UN agency reports fresh violence against indigenous communities in Colombia

14 December 2004

In its latest expression of concern on the situation in northwestern Colombia, the United Nations refugee agency today reported fresh violence against indigenous inhabitants caught up in the country’s decades-old civil war between the Government, leftwing rebels and rightwing militias.

The UN High Commissioner for Refugees (UNHCR) promised to step up its activities in the region to improve protection for Embera-Catío ethnic group.

The inhabitants of Las Playas in the Urabá region are extremely frightened and are considering fleeing to the town of Apartadó following the murder of three of their leaders last week, reportedly by machete-wielding assailants, UNHCR spokesperson Jennifer Pagonis told a news briefing in Geneva.

Fear is also spreading to other indigenous communities in the Urabá region, she said. Guerrilla groups opposed to the Government are known to operate in the zone.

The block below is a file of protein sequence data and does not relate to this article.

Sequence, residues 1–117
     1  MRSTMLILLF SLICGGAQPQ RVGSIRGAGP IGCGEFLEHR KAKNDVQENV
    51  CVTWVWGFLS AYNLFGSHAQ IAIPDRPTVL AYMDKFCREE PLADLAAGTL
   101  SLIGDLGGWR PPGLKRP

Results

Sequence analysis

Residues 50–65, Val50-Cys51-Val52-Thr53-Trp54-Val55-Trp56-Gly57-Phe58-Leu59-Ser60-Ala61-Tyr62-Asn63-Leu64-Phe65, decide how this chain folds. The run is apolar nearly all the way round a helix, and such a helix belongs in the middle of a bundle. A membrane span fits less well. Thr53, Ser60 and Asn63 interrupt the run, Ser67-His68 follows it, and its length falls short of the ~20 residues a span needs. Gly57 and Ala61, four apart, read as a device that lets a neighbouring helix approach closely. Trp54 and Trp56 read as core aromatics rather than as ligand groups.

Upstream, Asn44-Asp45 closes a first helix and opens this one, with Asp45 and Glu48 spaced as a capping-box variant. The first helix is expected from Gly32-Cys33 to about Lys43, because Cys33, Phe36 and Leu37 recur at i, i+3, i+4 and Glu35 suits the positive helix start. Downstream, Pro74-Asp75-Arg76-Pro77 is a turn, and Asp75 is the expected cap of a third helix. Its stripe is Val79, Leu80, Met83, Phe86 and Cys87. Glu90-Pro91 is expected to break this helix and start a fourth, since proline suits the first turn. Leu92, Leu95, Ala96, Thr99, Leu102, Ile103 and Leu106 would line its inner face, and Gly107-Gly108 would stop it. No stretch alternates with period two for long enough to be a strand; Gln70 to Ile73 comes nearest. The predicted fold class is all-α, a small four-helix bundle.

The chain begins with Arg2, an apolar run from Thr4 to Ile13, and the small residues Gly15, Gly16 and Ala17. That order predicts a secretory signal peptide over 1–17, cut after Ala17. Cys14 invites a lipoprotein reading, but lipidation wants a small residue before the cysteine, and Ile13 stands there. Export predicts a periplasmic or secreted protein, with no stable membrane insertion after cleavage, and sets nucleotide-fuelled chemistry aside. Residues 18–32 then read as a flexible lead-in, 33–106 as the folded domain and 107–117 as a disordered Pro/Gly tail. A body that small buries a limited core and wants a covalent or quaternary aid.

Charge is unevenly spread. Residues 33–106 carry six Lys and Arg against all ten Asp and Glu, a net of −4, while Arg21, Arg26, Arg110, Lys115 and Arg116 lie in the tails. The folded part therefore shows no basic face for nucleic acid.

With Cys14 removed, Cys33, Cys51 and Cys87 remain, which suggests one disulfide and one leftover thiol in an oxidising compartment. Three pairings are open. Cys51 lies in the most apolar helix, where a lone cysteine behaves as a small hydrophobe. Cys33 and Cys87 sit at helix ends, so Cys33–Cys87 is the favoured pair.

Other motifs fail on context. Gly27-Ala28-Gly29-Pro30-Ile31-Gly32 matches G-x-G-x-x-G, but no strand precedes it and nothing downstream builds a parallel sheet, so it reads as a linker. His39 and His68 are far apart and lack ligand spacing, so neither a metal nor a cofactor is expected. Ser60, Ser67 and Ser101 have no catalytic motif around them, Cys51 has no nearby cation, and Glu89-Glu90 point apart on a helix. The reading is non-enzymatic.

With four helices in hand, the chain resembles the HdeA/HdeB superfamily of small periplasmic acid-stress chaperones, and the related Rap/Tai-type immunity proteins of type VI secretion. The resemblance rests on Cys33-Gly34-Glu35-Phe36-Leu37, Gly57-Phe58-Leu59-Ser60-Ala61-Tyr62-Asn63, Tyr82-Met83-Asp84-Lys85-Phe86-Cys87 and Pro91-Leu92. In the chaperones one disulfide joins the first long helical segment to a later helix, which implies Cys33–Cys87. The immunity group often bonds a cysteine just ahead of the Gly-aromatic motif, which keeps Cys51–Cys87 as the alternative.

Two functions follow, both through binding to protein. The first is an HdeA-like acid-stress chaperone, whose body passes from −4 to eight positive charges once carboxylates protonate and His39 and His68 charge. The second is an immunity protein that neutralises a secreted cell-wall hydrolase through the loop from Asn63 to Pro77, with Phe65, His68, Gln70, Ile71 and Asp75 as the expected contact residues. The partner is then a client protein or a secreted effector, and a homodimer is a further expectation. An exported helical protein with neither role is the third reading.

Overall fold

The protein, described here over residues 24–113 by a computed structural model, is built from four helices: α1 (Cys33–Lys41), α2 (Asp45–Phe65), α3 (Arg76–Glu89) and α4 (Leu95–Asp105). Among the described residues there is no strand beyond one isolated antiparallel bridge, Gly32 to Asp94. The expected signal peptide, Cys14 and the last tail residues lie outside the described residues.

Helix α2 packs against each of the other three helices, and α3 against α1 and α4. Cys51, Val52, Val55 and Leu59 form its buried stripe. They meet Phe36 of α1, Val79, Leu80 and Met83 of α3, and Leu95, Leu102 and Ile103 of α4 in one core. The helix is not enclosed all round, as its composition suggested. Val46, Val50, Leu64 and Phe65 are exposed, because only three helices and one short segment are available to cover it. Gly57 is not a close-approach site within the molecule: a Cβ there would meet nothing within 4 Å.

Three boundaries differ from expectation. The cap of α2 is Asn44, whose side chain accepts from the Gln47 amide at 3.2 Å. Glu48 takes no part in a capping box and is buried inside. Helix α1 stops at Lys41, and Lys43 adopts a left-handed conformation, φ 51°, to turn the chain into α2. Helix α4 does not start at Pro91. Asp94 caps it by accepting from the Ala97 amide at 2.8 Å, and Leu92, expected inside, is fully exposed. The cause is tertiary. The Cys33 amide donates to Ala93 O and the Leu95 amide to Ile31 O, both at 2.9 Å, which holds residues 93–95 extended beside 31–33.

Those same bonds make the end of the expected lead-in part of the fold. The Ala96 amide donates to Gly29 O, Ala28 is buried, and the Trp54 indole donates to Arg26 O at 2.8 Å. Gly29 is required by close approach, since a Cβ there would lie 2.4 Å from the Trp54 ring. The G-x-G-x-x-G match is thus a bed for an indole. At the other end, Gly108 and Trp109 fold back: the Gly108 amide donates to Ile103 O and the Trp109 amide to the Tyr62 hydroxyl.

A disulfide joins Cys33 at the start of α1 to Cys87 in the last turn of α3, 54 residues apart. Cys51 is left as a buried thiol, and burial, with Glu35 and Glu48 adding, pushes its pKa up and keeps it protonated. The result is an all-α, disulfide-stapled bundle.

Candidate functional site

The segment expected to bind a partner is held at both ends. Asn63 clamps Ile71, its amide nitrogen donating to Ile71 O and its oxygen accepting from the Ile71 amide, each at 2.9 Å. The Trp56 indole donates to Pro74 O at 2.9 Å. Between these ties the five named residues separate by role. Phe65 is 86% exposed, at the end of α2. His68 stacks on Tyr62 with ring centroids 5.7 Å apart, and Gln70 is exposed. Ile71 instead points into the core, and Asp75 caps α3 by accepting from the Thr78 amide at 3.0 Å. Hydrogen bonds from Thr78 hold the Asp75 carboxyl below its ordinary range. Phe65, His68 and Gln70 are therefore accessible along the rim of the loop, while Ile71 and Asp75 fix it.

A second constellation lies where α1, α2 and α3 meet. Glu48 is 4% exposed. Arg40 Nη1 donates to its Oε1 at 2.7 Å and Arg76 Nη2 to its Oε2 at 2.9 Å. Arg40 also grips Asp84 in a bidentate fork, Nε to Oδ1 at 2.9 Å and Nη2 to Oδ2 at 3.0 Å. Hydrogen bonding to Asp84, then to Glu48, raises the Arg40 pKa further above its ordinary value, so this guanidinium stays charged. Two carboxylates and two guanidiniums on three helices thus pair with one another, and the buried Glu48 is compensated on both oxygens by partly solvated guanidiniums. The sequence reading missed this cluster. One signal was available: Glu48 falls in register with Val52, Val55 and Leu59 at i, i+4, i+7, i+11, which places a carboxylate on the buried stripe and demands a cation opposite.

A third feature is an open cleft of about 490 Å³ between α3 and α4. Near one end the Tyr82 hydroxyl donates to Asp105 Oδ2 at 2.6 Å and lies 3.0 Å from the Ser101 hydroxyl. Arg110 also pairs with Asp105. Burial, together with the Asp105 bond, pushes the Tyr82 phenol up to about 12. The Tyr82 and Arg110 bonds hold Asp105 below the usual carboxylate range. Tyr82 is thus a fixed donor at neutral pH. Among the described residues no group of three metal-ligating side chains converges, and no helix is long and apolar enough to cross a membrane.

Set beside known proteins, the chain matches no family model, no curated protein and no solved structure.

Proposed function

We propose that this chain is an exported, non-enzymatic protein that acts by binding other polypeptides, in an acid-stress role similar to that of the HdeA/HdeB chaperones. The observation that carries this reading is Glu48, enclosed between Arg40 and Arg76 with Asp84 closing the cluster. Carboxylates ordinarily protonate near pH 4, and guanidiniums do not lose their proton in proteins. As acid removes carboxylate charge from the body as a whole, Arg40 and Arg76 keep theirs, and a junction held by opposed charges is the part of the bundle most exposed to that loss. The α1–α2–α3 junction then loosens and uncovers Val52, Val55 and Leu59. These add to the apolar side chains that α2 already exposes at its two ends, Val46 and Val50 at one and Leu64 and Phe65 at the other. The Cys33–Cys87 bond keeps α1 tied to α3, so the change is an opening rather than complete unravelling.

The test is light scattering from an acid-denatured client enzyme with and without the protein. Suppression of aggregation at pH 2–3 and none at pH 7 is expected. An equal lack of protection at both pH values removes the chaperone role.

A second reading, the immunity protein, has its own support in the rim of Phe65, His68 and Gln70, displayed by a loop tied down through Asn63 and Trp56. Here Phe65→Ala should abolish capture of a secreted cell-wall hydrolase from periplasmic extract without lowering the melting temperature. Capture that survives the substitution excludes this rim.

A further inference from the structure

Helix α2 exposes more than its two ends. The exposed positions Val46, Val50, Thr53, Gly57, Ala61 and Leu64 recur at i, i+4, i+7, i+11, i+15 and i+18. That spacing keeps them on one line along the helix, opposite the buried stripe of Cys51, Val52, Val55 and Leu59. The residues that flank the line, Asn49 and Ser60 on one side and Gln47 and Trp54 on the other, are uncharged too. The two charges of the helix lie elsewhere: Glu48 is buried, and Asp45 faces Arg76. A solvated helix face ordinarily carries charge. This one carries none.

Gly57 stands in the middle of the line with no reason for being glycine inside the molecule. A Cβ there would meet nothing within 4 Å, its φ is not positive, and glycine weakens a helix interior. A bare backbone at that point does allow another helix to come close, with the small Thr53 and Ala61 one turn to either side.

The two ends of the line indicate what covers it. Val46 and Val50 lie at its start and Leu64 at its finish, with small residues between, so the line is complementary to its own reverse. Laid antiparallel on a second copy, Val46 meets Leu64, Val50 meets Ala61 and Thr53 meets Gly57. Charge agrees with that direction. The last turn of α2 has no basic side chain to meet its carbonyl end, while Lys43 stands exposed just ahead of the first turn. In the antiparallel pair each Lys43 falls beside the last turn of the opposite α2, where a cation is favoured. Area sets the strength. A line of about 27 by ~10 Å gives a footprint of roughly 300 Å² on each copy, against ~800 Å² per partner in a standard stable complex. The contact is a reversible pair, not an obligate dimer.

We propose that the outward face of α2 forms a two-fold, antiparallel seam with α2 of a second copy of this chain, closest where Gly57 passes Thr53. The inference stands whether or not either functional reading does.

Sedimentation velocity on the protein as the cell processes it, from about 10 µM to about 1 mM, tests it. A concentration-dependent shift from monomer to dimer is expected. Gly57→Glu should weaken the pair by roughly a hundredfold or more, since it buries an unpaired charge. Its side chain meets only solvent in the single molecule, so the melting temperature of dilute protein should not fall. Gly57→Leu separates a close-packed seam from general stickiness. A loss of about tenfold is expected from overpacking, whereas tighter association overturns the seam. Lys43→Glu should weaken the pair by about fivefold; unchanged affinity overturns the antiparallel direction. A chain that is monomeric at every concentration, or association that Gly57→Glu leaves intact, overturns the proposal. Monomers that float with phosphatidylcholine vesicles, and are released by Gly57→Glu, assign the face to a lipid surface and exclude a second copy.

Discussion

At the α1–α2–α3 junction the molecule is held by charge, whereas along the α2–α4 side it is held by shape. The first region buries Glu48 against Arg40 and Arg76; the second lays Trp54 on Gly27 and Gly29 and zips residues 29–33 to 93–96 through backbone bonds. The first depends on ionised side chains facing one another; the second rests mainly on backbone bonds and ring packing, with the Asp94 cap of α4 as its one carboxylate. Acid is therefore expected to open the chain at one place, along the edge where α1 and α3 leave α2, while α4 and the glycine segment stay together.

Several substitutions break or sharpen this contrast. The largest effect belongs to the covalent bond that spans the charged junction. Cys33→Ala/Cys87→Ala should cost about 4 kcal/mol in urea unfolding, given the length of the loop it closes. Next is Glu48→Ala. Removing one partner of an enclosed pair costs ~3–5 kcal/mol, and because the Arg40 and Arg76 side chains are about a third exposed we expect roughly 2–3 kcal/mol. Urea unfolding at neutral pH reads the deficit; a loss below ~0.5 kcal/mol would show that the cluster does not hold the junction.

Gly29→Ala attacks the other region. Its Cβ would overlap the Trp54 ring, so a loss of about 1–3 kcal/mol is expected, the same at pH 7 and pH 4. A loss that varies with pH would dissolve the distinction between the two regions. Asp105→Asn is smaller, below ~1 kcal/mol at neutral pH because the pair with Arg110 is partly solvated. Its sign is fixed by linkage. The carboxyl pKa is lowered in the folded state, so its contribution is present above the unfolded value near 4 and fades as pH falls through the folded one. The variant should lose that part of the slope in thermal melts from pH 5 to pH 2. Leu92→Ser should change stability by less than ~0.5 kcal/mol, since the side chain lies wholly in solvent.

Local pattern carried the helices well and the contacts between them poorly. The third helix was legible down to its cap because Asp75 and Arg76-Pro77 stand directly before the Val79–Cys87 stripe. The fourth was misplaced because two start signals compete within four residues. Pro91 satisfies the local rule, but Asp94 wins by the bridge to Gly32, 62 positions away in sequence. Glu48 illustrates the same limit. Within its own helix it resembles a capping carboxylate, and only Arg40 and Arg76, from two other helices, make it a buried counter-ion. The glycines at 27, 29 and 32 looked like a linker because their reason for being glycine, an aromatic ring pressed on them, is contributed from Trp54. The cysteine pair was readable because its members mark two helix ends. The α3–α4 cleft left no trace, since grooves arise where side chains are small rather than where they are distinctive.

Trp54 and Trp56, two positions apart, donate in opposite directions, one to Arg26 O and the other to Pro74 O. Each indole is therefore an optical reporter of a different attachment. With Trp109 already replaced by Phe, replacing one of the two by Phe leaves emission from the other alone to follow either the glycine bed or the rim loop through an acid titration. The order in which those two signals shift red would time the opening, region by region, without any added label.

A UNHCR team, which trekked through the jungle on foot to visit Las Playas on Friday after receiving reports that the three leaders had been killed last week, quoted witnesses as saying armed men entered the settlement of some 300 on 6 December and asked for the three by name.

“They then took them to a riverbank and brutally murdered them with machetes,” Ms. Pagonis said. Before leaving the village, they threatened to return. The community had not received any specific threats from any armed group before.

UNHCR’s representative in Colombia, Roberto Meier, pledged that the agency would step up its activities and visits to Las Playas, security permitting, to improve protection for the community. Government officials, including from the offices of the ombudsman, mayor and general prosecutor, as well as the police and the army have also visited the community following the killings.

Overall, UNHCR is working to help the Government respond to the needs of some 2 million displaced people. This includes supporting displaced and at-risk communities, particularly Afro-Colombian and indigenous groups who are often disproportionately affected by the conflict.

 

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